The Coleman Theatre is located at the corner of 1st and Main
Sts. in downtown Miami, OK. It remains an important
entertainment and commercial center for the community and is a
popular stop for travelers along Route 66. The theatre
offers free tours Tuesday through Friday, from 10:00am to
4:00pm, and 10:00am to 12:00pm on Saturdays. For hours and
programs, call 918-540-2425 or visit the Coleman Theatre's
Starting in 1929,
weary travelers along the recently designated U.S. Highway 66,
who arrived in the small Oklahoma city of Miami, received not
only the usual hot food and lodgings but also a unique feast for
the senses. When it opened on April 18, 1929 along Miami’s Main
Street segment of Route 66, the Coleman Theatre was proudly
billed as the most elaborate entertainment facility between
Dallas and Kansas City. Local mining magnate, George Coleman,
who conceived and funded the theatre, determined to give
Miami--and Mother Road travelers-- the very best entertainment
in the most modern surroundings.
The Coleman’s Spanish
Revival style exterior was a favorite choice of the Jazz Age,
and this stucco palace is considered one of the best surviving
examples in Oklahoma. In its heyday, the Coleman rivaled the
Spanish Revival theaters found in the “big city” (Oklahoma City)
down the road. Above the east, Main Street entrance is a
dominating, curvilinear gable topped with three ornate finials.
Underneath this gable are compound arched windows with
exquisite, hand-carved terra cotta ornamentation.
east façade’s parapet wall with low relief carvings and a
central spire-like bell tower are also trademarks of the style.
Around the corner, hovering above the south, First Street
entrance are twin bell towers with balconettes, wrought iron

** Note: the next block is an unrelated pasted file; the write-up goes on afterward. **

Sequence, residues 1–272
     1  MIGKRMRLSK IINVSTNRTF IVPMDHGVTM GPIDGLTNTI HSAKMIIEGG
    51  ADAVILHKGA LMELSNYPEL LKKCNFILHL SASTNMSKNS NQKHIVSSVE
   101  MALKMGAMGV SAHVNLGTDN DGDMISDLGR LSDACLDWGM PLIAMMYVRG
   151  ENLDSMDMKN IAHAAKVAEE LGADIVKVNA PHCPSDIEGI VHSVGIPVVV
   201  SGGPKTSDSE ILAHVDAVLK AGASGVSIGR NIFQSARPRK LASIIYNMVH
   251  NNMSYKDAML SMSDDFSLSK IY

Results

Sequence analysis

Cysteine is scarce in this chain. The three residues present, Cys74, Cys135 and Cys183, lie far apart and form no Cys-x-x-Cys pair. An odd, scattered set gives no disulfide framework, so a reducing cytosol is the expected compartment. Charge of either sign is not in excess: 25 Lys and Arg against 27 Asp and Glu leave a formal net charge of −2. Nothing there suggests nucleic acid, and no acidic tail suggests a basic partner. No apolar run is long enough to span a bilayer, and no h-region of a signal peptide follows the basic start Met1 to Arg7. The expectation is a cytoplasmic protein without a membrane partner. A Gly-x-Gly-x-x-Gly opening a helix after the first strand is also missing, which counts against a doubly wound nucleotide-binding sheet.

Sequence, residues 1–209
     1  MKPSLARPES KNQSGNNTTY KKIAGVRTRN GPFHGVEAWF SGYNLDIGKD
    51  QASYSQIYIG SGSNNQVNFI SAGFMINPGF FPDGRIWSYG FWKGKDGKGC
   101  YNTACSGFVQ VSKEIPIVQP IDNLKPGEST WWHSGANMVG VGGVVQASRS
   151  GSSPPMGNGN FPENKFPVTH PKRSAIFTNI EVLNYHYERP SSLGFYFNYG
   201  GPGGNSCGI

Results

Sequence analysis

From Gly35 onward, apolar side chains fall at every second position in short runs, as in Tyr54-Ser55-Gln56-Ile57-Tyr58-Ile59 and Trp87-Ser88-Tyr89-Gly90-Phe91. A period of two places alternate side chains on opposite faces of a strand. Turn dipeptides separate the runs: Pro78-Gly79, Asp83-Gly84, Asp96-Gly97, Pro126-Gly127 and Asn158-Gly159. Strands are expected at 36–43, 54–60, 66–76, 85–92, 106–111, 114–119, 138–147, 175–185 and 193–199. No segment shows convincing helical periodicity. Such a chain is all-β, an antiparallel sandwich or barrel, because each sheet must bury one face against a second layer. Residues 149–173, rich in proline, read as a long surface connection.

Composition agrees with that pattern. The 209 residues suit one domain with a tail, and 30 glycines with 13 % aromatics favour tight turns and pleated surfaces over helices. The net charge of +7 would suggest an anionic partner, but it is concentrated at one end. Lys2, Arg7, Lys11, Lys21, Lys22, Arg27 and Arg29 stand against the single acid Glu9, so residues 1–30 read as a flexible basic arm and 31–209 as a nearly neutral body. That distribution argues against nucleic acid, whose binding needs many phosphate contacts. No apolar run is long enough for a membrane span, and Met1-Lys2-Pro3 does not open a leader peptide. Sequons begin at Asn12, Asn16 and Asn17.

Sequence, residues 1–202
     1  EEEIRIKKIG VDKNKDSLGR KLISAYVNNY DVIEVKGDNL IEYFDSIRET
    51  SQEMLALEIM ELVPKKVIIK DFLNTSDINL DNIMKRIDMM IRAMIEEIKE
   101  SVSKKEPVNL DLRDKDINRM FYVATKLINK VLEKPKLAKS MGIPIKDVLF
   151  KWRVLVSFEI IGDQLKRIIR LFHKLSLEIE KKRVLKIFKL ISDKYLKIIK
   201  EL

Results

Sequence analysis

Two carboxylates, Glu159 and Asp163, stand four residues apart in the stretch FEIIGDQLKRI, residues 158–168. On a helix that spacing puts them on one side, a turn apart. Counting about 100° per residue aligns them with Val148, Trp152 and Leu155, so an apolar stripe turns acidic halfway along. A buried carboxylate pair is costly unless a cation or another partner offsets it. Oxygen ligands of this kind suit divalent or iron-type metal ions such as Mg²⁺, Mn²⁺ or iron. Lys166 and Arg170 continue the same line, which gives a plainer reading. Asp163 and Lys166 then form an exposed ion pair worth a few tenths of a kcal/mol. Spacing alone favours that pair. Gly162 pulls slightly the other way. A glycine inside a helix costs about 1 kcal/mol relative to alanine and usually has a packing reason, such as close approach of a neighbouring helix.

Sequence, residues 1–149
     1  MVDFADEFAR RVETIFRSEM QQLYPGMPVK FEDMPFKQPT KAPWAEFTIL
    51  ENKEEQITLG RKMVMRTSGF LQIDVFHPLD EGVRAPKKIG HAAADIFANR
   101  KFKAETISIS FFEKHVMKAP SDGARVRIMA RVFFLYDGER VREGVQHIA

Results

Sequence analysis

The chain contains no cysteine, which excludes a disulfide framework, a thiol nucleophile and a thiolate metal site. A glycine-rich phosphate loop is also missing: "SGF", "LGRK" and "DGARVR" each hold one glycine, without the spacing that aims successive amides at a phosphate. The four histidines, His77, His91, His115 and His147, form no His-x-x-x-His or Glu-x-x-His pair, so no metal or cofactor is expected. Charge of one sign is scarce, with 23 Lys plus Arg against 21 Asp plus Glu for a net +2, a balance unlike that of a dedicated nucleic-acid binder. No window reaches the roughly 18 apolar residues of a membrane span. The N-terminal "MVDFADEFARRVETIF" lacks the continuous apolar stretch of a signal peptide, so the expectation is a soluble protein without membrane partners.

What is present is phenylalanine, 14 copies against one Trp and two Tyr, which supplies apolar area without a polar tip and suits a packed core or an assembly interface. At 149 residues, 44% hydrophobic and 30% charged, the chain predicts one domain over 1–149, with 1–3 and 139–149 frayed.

railings and red tile hip roofs. In order to diversify income,
the design of the theatre’s ground floor included offices and
shops along both Main and First Streets.
theatre, contemporary visitors experience the treat of seeing a
remarkable period piece. Restored to its 1920s splendor, the
theatre’s gaudy Louis XV decor mightily competes with any
entertainment program then or now. The interior offers intricate
historical detailing, a fully restored original chandelier, and
carved winding staircases flanked by gilded candelabra-toting
Historically, the Coleman’s varied program
offerings typified an American entertainment industry in marked
transition. Alongside the latest movies from Hollywood,
including talkies from the very start, customers could enjoy old
time vaudeville, live music from a ten-person orchestra, and a
vintage pipe organ called the “Mighty Wurlitzer.”
in 1929, the Coleman Theatre still remains in business. In 1989,
the Coleman family donated the building to the City of Miami.
With the support of private and public funding, including a
matching grant from the Federal Economic Development
Administration, hundreds of community volunteers helped restore
the historic Coleman Theatre. Even the old Mighty
Wurlitzer, long thought lost, is back. The theatre was
listed in the National Register of Historic Places in 1983.